Poems shimmering with lyricism ask who can inherit a country?
Dancing between lyric and narrative, Hafizah Geter's debut collection moves readers through the fraught internal and external landscapes--linguistic, cultural, racial, familial--of those whose lives are shaped and transformed by immigration. The daughter of a Nigerian Muslim woman and a former Southern Baptist black man, Geter charts the history of a black family of mixed citizenships through poems imbued by migration, racism, queerness, loss, and the heartbreak of trying to feel at home in a country that does not recognize you. Through her mother's death and her father's illnesses, Geter weaves the natural world into the discourse of grief, human interactions, and socio-political discord. This collection thrums with authenticity and heart.
SAMPLE POEM Testimony for Tamir Rice, 2002-2014
After they shot me they tackled my sister.
The sound of her knees hitting the sidewalk
made my stomach ache. It was a bad pain.
Like when you love someone
and they lie to you. Or that time Mikaela cried
all through science class and wouldn't tell anyone why.
This isn't even my first letter to you,
in the first one I told you about my room
and my favorite basketball team
and asked you to come visit me in Cleveland
or send your autograph. In the second one
I thanked you for your responsible citizenship.
I hope you are proud of me too.
Mom said you made being black beautiful again
but that was before someone killed Trayvon.
After that came a sadness so big it made everyone
look the same. It was a long time before we could
go outside again. Mr. President it took one whole day
for me to die and even though I'm twelve and not afraid of the dark
I didn't know there could be so much of it
or so many other boys here.
, Hafizah Geter creates a new kind of portraiture. A family is slowly etched in relief in language both lush and exacting. This gorgeous debut troubles and reshapes notions of belonging against the backdrop of a country obsessed with its own exclusions, erasures, borders, institutions, and violence. Geter's poems simmer original forms of witness and resistance."--Claudia Rankine, author of Citizen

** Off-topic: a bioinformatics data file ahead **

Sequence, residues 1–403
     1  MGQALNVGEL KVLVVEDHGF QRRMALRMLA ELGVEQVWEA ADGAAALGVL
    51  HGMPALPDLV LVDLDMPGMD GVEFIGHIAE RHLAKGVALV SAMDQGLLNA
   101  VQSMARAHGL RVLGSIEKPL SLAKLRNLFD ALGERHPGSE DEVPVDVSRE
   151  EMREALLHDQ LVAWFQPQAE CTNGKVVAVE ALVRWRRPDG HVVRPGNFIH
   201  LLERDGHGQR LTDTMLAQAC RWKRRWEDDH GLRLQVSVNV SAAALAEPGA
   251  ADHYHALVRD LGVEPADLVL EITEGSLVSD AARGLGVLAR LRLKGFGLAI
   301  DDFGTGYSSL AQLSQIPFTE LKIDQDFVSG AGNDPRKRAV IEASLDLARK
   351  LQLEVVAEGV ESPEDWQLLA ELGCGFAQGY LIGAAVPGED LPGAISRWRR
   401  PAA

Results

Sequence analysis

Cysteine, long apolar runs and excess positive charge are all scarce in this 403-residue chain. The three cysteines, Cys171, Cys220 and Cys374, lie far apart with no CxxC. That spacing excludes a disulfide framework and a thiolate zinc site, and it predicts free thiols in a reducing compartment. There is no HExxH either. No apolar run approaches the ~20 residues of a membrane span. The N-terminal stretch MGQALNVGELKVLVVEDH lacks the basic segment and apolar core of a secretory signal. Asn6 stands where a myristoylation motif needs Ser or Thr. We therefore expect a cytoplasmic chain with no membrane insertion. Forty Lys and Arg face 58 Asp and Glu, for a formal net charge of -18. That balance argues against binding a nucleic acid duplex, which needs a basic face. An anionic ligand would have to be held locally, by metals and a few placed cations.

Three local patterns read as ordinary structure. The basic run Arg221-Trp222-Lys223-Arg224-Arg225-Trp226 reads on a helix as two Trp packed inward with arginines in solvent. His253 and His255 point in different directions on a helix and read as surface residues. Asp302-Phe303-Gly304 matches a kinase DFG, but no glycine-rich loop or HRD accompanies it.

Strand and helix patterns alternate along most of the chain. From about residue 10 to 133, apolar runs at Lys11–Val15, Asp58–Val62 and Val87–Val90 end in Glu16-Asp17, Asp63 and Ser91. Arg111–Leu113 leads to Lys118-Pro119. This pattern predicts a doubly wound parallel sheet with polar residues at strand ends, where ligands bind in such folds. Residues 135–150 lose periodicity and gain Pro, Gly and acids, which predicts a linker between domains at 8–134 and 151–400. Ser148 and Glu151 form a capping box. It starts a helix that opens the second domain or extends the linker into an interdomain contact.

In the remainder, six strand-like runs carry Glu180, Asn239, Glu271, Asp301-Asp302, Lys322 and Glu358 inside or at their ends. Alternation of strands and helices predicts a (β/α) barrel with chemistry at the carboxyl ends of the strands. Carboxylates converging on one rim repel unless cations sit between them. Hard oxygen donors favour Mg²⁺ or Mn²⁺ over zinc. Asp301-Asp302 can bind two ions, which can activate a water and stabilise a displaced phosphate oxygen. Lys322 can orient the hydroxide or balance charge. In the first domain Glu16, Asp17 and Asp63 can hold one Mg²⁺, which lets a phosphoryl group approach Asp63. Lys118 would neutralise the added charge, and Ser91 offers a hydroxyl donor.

"Hafizah Geter's Un-American reads like a high lyric conversation overheard. Poem after poem, the most ordinary of items--cups, cards, couches--get ratcheted up into their proper glory. In other words, Geter sees the world as a stage set for what she needs to tell her family but can't, what she needs to hear from her family but won't. And all of this is done with attention to what this one beautiful story says about the so-called American story."--Jericho Brown, author of The Tradition
"Hafizah Geter's Un-American chronicles the haunting legacies of brutal loss written in blood and memory across continents--'together, slowly domesticating / our suffering.' The poems' narrative clarity edges against exile, and in gorgeous language deliver a trenchant testimony and understanding."--Khadijah Queen, author of Anodyne
"Here is the history of this country in all its blood and complication, with all its promise and betrayal. These poems are an accounting, a testimony, a prayer--poems meant to quiet the animal inside us. A beautiful book."--Nick Flynn, author of I Will Destroy You
"This timely and powerful book speaks to the struggles on two nations, and to the grace of the invincible light of black life."--Rigoberto González